I do know, however, that God's grace follows our children and in fact, goes before them, and His will will be done, whether they are in home or in school. I am just hoping to train them as I best can, and for me that involves my being their primary caregiver. We all have to make this choice: how will I obey God? We read God's instruction to train up a child in the way of the Lord, and then look at our circumstances, our abilities, our understanding of what that means, and the needs of our children to determine the best way for our family to accomplish this great task. Some of us will choose homeschooling, others private, others cyber, others public, and maybe others will use multiple methods. I think some of would argue that the easiest way to raise our kids in the admonition of the Lord is homeschooling, but we all, I think, would understand that for a small few, that may in fact not be the easiest. For instance, if a parent must work or the kid starves, we would see that training a starving child would not be the easiest way to teach them about God's love.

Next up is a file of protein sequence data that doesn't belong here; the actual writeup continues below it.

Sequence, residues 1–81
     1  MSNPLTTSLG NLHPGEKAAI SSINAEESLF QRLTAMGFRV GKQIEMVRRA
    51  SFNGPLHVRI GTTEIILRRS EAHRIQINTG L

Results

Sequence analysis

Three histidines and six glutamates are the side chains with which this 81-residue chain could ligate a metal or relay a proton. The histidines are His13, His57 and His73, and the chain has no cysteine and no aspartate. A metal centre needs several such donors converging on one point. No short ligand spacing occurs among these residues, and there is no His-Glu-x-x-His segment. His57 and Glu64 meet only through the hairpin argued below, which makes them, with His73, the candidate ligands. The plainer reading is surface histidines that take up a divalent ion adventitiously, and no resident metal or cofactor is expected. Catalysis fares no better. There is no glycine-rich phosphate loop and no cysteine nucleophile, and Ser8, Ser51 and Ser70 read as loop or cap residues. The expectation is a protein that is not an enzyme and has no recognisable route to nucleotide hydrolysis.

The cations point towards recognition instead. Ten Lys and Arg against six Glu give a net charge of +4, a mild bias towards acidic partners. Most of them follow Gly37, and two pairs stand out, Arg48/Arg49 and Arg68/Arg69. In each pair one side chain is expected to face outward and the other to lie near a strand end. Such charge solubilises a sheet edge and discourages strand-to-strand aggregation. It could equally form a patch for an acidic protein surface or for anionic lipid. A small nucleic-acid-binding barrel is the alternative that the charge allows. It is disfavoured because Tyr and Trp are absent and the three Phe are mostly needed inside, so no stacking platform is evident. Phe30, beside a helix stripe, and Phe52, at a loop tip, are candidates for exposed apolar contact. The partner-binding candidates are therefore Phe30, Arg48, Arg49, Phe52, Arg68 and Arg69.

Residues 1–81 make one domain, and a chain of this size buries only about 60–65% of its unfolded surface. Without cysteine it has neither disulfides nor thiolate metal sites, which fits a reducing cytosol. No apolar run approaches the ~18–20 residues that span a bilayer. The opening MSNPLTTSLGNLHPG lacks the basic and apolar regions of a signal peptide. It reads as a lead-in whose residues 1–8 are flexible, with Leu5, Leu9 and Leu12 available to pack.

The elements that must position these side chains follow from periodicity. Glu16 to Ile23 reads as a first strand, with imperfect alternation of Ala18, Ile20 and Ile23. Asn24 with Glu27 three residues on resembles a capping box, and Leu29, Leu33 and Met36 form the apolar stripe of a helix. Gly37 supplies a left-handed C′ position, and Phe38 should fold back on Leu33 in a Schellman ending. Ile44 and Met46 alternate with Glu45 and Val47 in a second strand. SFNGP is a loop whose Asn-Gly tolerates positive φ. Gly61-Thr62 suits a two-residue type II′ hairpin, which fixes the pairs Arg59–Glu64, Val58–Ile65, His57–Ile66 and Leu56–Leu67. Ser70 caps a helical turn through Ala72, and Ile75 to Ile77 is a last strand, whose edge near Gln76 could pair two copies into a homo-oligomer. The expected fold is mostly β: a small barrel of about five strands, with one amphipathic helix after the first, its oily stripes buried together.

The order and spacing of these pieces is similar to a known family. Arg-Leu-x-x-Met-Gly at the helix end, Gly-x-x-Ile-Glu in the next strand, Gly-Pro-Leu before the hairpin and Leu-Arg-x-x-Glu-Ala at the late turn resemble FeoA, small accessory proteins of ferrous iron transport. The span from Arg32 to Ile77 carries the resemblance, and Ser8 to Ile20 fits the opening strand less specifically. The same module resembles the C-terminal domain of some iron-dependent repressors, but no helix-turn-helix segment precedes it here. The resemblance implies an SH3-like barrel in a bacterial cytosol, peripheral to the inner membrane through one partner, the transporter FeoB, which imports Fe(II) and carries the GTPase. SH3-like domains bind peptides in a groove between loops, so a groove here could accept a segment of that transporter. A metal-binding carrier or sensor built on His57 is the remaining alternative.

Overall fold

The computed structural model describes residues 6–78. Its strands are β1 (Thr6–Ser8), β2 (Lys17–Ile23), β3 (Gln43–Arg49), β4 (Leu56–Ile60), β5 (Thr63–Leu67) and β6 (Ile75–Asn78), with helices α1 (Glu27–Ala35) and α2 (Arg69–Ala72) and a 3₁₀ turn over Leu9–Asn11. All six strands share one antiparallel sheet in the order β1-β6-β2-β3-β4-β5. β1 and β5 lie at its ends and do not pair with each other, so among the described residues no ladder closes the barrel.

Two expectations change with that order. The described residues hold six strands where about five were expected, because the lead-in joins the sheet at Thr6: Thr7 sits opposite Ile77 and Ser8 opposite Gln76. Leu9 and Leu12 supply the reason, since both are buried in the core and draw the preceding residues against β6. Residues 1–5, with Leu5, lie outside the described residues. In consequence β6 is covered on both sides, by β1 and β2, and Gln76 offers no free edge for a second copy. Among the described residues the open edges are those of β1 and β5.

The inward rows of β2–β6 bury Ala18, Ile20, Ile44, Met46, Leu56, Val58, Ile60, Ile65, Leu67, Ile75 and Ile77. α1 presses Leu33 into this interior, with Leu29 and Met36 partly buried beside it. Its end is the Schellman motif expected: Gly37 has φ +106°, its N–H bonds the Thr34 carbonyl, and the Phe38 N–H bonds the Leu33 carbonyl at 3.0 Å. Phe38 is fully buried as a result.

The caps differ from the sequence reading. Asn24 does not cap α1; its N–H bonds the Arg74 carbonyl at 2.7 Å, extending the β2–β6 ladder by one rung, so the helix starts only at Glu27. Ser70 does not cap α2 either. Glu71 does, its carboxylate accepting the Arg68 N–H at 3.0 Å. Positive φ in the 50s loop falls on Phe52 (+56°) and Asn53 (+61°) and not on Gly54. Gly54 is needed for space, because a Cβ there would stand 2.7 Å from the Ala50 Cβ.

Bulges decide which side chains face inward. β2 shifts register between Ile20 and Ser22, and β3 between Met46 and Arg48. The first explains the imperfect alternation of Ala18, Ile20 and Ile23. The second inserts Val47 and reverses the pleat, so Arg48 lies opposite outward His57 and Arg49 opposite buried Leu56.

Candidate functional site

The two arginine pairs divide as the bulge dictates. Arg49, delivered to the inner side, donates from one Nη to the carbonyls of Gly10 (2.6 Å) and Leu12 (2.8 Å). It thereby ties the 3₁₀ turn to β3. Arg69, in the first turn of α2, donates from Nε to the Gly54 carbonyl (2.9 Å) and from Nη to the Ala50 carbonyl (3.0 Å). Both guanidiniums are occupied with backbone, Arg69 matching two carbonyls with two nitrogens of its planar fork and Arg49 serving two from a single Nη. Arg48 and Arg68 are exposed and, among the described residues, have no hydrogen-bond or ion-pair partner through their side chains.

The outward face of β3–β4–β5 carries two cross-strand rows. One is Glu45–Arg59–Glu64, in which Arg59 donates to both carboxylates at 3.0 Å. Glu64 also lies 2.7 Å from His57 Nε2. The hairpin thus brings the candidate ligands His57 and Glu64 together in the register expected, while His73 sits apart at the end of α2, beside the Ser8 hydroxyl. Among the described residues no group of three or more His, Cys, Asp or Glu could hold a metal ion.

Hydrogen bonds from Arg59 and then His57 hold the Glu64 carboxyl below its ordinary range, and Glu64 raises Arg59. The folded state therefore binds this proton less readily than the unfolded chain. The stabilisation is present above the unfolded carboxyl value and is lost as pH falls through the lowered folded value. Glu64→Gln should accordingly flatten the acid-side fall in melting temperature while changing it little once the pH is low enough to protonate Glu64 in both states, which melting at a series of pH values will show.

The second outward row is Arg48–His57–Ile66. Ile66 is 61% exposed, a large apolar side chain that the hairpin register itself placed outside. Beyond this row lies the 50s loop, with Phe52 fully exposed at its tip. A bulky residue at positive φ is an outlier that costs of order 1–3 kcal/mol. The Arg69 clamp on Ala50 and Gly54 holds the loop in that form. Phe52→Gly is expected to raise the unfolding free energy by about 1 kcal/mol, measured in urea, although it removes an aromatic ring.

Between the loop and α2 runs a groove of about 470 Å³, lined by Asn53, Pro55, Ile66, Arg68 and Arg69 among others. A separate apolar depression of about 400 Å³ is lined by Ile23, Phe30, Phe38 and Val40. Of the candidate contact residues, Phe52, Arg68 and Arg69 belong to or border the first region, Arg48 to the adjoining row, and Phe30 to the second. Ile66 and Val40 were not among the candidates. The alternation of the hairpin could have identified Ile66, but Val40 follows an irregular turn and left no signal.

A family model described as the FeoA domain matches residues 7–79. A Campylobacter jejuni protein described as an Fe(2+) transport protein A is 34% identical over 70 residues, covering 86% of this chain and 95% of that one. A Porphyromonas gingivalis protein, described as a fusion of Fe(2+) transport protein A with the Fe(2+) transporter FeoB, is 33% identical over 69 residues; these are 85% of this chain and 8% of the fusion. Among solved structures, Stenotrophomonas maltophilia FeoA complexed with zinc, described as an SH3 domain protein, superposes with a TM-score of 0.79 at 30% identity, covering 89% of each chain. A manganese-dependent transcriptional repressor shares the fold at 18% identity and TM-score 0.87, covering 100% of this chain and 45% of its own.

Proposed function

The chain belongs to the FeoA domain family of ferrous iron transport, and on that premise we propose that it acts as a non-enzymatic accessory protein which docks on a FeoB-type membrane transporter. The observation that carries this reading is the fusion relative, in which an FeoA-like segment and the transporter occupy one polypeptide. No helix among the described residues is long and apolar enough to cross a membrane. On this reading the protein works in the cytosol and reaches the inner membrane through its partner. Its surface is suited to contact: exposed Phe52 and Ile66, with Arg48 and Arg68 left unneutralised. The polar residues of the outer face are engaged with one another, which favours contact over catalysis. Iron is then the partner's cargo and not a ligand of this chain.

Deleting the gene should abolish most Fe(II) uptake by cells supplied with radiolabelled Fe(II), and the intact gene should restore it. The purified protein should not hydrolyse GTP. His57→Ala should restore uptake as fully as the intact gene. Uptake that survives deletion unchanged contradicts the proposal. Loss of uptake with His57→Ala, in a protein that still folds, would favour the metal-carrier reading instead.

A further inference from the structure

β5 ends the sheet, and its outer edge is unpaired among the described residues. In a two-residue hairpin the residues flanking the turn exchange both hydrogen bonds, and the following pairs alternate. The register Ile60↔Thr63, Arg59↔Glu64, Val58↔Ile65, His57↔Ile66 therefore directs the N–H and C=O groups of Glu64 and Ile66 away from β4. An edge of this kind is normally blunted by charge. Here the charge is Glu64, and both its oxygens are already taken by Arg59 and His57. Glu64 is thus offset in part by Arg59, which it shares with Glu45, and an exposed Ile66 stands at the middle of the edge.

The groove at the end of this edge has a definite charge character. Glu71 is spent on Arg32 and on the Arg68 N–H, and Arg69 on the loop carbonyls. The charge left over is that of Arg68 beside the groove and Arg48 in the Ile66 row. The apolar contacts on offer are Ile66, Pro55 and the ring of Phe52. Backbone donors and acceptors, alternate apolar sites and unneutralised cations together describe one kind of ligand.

-----Added 3/12/2009 at 04:41:06 EST-----

  30. refbaptdude

    refbaptdude Puritan Board Freshman

    LadyFlynt I have no problem with your statement above. My concern is more inline with what Ken wrote. -
    And we should be careful that this is not a divisive issue in our local churches. Our unity is around the truth of the gospel not individual educational choices or personal convictions of families.